(photo credit: REUTERS)
The issue of livestock shipments returned to the Knesset’s Economic Affairs Committee on Monday after politicians and animal rights activists came out against the current policy.
Critics called the policy of shipping live cows and sheep by boat from Australia or Europe for slaughter in Israel animal abuse. However, those who support the policy say that the animals are treated well and that the policy makes fresh meat cheaper for local consumers.
Leading the initiative to ban live animal shipments were Meretz MK Tamar Zandberg and Likud MK Miki Zohar, though during the course of the meeting, they demanded from Agriculture Minister Uri Ariel that he set targets for reducing the amount of shipments.
During the committee meeting, Agriculture Minister Uri Ariel said that he had invited the ambassadors from Australia and other countries which ship live animals to Israel for meetings to explain the importance of protecting animals during shipment. Still, he said, “They don’t have the power to influence what takes place on ships.”
Animal rights groups Anonymous for Animals and Let Animals Live sharply criticized Ariel, saying that the amount of live animal shipments have increased since he was appointed in 2015. “The agriculture minister talks of the biblical imperative to prevent cruelty to animals, but fails to place any restrictions on industries causing abuse,” the groups said in a statement.
They noted that 220,000 cattle and sheep were shipped to Israel in the first half of 2016 “on crowded ships for excruciating journeys that last three weeks.”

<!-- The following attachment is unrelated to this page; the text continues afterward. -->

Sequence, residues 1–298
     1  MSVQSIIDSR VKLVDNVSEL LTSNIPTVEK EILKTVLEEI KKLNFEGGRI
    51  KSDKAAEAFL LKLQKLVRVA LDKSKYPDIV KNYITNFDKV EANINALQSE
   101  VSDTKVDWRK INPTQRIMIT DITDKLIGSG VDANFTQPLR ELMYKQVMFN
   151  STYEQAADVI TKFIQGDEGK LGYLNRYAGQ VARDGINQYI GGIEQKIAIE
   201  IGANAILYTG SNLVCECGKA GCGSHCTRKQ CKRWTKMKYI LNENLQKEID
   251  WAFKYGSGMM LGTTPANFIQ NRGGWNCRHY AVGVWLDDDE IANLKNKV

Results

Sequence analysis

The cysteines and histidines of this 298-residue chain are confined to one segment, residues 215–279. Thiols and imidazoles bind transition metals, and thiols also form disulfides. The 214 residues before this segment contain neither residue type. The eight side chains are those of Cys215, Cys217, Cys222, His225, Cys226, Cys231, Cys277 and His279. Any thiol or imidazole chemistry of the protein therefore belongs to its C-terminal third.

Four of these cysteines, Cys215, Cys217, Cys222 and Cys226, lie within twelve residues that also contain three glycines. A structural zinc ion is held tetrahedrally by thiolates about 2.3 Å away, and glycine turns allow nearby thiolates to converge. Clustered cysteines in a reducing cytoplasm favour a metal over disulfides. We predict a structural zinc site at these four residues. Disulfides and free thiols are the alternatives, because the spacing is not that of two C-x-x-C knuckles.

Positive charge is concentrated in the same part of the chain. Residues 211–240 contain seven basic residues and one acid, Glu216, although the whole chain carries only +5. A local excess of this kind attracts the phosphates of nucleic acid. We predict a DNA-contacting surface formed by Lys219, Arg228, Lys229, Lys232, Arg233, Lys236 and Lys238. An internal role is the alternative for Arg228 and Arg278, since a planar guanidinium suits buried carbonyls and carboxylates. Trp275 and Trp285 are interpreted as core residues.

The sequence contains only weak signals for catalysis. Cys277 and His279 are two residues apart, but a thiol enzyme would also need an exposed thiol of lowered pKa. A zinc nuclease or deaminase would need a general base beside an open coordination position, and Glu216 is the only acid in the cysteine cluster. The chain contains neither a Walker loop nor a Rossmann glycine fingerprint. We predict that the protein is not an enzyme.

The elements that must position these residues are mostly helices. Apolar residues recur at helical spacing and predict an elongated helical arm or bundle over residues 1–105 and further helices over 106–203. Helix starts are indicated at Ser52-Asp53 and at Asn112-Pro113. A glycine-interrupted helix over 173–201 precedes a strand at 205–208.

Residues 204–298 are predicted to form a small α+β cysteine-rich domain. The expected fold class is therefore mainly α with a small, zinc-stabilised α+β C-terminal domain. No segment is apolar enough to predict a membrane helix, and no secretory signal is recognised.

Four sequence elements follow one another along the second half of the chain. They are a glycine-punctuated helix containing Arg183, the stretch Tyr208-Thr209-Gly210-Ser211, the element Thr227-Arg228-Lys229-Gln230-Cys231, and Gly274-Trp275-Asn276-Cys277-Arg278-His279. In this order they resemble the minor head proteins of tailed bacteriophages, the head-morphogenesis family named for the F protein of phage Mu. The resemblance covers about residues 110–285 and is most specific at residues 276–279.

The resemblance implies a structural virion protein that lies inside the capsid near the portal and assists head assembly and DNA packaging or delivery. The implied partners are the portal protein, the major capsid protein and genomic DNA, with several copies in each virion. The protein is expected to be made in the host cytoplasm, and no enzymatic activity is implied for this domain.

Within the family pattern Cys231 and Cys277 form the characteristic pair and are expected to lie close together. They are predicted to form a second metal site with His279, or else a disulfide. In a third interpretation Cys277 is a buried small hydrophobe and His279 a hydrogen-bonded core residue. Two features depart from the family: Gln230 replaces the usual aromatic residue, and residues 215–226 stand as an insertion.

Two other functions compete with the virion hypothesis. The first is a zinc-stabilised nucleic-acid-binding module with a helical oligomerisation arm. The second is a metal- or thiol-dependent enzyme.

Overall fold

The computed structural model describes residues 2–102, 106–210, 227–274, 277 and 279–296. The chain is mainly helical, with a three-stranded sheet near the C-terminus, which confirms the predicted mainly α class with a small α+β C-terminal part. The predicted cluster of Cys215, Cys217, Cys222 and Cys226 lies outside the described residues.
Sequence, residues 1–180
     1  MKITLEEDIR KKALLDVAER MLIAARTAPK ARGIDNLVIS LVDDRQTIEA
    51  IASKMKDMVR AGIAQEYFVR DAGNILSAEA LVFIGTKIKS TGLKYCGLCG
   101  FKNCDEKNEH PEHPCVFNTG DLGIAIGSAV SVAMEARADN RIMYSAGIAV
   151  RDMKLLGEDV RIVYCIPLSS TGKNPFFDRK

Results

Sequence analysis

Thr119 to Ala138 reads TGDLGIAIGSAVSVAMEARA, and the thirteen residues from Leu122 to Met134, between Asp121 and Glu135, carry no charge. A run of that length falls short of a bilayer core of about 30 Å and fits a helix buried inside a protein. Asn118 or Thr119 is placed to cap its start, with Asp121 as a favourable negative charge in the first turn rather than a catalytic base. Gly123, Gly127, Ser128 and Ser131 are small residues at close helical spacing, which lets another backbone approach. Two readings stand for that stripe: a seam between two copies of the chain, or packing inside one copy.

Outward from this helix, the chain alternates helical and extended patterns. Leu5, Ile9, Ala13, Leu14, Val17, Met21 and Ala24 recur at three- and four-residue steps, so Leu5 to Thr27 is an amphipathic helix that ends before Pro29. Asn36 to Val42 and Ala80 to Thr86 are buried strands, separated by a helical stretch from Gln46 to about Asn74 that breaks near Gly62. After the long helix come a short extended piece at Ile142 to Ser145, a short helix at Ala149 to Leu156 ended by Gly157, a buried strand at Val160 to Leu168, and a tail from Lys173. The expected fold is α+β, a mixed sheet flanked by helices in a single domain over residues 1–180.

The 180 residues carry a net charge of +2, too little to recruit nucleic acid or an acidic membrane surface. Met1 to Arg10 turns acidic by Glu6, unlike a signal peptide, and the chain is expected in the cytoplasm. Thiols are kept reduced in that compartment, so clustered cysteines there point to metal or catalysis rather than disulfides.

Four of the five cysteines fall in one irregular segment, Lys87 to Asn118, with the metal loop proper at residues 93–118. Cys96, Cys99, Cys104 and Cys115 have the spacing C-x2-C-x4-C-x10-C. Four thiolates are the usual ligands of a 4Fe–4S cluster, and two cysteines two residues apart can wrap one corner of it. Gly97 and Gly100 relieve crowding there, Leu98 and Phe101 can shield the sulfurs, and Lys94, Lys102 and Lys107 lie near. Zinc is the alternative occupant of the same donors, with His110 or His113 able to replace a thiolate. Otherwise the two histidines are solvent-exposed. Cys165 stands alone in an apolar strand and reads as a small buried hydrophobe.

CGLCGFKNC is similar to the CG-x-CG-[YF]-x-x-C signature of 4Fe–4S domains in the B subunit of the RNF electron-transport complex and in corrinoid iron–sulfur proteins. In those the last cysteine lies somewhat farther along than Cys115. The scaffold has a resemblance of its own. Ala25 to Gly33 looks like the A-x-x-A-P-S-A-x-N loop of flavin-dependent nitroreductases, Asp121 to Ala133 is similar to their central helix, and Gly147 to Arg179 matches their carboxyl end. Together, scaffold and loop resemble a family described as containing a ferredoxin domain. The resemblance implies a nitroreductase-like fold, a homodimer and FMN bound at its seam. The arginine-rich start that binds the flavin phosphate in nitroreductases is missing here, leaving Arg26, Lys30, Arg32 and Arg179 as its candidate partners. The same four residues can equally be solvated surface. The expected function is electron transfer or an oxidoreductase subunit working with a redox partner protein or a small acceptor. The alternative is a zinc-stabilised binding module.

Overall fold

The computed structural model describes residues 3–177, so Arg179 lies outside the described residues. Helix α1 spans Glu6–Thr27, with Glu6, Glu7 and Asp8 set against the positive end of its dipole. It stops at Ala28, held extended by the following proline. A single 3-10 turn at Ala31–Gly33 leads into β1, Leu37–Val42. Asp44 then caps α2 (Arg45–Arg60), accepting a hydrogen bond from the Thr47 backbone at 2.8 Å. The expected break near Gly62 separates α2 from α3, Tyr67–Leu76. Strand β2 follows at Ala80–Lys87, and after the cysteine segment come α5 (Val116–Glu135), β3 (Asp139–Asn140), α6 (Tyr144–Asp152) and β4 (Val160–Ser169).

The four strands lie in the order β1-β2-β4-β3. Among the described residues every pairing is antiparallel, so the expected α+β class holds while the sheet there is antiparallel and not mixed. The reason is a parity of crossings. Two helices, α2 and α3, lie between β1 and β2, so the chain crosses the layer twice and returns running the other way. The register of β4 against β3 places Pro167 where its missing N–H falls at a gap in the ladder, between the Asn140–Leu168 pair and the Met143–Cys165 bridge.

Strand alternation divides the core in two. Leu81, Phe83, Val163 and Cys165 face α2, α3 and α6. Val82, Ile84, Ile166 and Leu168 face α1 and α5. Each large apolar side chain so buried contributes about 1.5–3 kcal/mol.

“The key to change is in the hands of consumers at every meal,” the animal activists said.
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Zandberg threatened that if Ariel doesn’t start making changes, they will have to create legislation instead.
She side that a more fitting term for “live animal shipping” would be “death ships.” On top of the “abuse” to animals, she added that the policy has failed to lower meat prices and could be have health implications.
“Shipping animals in this way could incubate diseases harmful to humans,” she claimed.
Committee Chairman MK Eitan Cabel called for a set of clear guidelines to oversee how animals are shipped to Israel, though he said that legislation would not be necessary. “We will work alongside the Agriculture Ministry so that the way animals are treated will change immediately without waiting around for a law,” Cabel promised.
He also called for those who would violate the guidelines to be “stripped of their licenses.” At the end of the meeting, it was decided that a team of members from the committee would compile recommendations on how to solve the problems associated with animal shipments as well as ways to better protect the animals on board.
The team is also meant to find answers to market and economic questions.
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